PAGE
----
When it comes to the topic of naptimes and 2 year olds, this can either be a period filled with blissful midday breaks, or frustrating afternoon battles (or sometimes a combination of the two…), depending on your child’s personality and sleep needs. I’ve gotten a lot of questions recently regarding how we handle naps at the crag now that C is a big boy, so I figured this topic would be a good way to kick off my new blog series – Toddlers at the Crag. This is a twist on my original post entitled “Sleepytime Solutions,” written back when C was at the tender age of 10 months old. In some ways it’s a lot easier now – toddlers need less sleep. There’s not a set number of waking hours after which C will turn into a pumpkin (or “Code Orange”, as we used to call it). We don’t have to worry about squeezing in multiple naps – as long as we get one (even if it’s not that great), we’re usually in the clear. But in other ways its harder – toddlers need less sleep! A high-octane toddler doesn’t want to miss anything, and therefore is not as easily lured into dreamland. This can make naps at the crag a sweet dream at best, and a nightmare at worst. Here’s a crag nap philosophy that seems to (more or less) work for our family…
For us the sole purpose of a crag-nap is to give Cragbaby that extra little boost he needs to be able to make it through the afternoon and early evening hours without having a meltdown at dinner. In a perfect world the stillness known as nap time also happens to line up with a redpoint run on a project or a hard onsight attempt, but I’m not always that lucky. At home Cragbaby has settled into a very predictable schedule with a nap beginning around noon and lasting for 2-3 hours. At the crag our schedule is pretty random, and the only thing that is less predictable than what time he goes down would be what time he wakes up! Though he never sleeps as long as he does in his own crib at home, we sometimes get lucky and get a 2 hour crag-nap. Other days we are lucky to get 45 minutes. Regardless though, the nice thing about toddlers is that they are far more flexible than babies – as long as we can get some semblance of sleepage at some point in the afternoon, things are usually fine. I can only think of one time where a whole day at the crag went by for C without a nap, and even then he crashed hard on the hike out and still managed to be in a decent mood at dinnertime.
Play Hard. Sleep Hard. That has always seemed to be Cragbaby’s mantra. If he’s not tired, all of our rocking, hand-holding, snuggling, and soft music is a moot point, which can be pretty frustrating at the end of a long day. On the flip side however, a Cragbaby at rest is very likely to remain at rest…NO MATTER WHAT! Once he’s decided he wants to sleep, C can easily snooze soundly through whatever the rock climbing/camping equivalent is of World War 3. Once we figured that out (and it thankfully didn’t take too long), we’ve been able to more or less take his sleeping personality and work it in our favor. This means that if lunchtime rolls around and he’s not acting tired (for C the dead giveaway is eye-rubbing and gazing off into space, often accompanied by incessant whining), we don’t even try to put him down.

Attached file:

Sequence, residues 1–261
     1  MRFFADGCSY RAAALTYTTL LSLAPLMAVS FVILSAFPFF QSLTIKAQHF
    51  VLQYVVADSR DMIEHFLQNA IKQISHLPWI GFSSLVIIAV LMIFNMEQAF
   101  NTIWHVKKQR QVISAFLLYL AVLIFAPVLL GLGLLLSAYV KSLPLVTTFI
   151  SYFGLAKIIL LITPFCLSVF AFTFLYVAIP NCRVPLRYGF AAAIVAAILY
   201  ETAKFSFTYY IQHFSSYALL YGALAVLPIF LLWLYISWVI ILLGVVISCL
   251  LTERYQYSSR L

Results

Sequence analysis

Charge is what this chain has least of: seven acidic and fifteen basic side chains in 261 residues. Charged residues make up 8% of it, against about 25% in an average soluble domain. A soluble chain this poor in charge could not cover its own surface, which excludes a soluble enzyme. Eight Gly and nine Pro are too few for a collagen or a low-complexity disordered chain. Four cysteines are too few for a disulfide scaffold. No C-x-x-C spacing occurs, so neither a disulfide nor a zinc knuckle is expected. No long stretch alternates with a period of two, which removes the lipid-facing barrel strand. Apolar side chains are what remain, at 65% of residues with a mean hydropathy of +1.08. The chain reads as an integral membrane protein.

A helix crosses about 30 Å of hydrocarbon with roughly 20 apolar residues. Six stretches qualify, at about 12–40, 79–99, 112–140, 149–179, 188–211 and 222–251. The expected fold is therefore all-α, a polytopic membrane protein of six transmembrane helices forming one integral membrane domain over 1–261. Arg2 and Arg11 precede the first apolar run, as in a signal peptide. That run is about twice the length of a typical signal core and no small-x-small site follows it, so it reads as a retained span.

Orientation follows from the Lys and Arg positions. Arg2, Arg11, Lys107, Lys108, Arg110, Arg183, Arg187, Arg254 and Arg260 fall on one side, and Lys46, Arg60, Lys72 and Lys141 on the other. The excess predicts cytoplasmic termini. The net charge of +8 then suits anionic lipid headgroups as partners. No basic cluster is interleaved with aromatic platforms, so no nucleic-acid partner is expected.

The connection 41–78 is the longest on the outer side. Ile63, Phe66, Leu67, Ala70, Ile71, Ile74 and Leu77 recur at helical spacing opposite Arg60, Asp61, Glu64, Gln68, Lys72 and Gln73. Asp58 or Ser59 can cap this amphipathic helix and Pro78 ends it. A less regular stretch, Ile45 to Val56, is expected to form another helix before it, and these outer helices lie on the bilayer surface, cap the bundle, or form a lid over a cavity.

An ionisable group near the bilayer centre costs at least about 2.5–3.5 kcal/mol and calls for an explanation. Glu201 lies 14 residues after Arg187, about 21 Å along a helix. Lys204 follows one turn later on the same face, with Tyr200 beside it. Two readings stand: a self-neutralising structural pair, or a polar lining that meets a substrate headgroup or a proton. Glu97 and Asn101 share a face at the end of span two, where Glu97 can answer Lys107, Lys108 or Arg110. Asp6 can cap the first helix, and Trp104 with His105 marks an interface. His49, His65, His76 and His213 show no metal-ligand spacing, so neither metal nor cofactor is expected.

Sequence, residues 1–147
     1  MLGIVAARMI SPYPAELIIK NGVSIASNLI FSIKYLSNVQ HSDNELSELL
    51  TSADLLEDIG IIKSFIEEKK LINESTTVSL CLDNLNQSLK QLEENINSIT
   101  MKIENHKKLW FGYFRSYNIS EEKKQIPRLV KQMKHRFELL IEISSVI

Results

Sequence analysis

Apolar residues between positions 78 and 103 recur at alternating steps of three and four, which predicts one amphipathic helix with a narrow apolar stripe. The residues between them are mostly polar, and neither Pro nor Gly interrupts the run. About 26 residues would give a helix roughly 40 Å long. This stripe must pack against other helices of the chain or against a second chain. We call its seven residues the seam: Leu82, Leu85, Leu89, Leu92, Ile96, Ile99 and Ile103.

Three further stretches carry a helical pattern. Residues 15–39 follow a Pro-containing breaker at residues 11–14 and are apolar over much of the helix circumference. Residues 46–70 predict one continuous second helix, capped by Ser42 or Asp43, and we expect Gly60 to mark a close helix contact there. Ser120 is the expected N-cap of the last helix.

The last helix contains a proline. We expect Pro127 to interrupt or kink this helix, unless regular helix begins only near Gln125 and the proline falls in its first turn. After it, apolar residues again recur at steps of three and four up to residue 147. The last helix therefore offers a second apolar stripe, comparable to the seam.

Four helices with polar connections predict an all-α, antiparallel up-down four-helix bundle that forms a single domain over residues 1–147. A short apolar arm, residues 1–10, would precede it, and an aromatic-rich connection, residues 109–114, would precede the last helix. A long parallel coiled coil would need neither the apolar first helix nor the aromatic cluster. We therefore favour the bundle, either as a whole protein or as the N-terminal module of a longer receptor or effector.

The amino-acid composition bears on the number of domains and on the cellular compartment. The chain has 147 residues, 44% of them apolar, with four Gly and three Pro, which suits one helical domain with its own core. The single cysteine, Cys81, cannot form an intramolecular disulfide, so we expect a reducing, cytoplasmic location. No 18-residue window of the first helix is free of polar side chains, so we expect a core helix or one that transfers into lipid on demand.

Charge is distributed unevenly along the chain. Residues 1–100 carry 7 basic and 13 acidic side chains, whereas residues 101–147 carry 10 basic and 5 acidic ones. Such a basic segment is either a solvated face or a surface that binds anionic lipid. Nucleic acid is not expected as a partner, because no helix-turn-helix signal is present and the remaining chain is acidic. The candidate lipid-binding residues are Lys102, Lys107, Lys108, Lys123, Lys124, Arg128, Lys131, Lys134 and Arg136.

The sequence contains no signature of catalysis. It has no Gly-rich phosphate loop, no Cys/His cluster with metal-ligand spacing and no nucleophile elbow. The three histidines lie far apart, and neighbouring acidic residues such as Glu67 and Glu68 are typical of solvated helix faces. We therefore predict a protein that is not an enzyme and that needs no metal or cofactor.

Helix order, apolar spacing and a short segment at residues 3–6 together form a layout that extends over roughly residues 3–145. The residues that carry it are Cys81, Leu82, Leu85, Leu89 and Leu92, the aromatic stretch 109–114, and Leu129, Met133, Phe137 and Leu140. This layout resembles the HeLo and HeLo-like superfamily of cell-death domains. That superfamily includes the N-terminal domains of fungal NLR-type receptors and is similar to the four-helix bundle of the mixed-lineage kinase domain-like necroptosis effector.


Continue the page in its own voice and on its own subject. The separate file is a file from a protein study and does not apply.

Once he seems ready, he goes for a stroll in the backpack carrier – when he falls asleep we deposit him, backpack and all, far enough away to be out of the action, but close enough that we can still keep an eye on him. The main advantage to a backpack nap is that I don’t feel the need to sit right beside him the whole time he sleeps, since he can’t wander off when he wakes up. Another advantage is that we can transport a sleeping Cragbaby in the backpack. Sometimes C is snoozing peacefully until a sudden noise wakes him up – dog barking, airplane fly by, or even sending screams. Other times he’s just less than enthused about going in the pack. For these occasions we revert back to the infant months and cuddle with C on a blanket – he’ll either drift right back off to sleep (at which point we can usually transfer him onto the blanket), or he’ll snuggle in tight and gaze off into space for a while until he’s ready to get back to being his usual social self.
Does every nap at the crag go perfectly according to plan? Certainly not. But it’s always at least enough to get us through the rest of the day. And on the flip side, a shorter-than-normal nap generally equates to a morning snoozer. On our past 4 camping trips Cragbaby has woken up in his pack n play on the last day only to find out that the tent had mysteriously disappeared at some point during the “night,” since he was apparently too lazy to help break down camp!
Most importantly, be patient and don’t unfairly demand perfection out of your toddler, especially at first. Nature is an exciting place, and its a far cry from a comfy, cozy bed at home. Little folk do really well with a routine, but it will definitely take a few outings at least for your toddler to figure out the intended schedule of events. Also, remember that as with infants (and maybe even more so!) toddler sleeping patterns will differ from one child to the next. What works for our family may or may not be a good solution for yours, so don’t be afraid to experiment and learn through trial and error. I would love to hear ideas from other climbing families with toddlers as well, so please feel free to share your thoughts in the comments section below!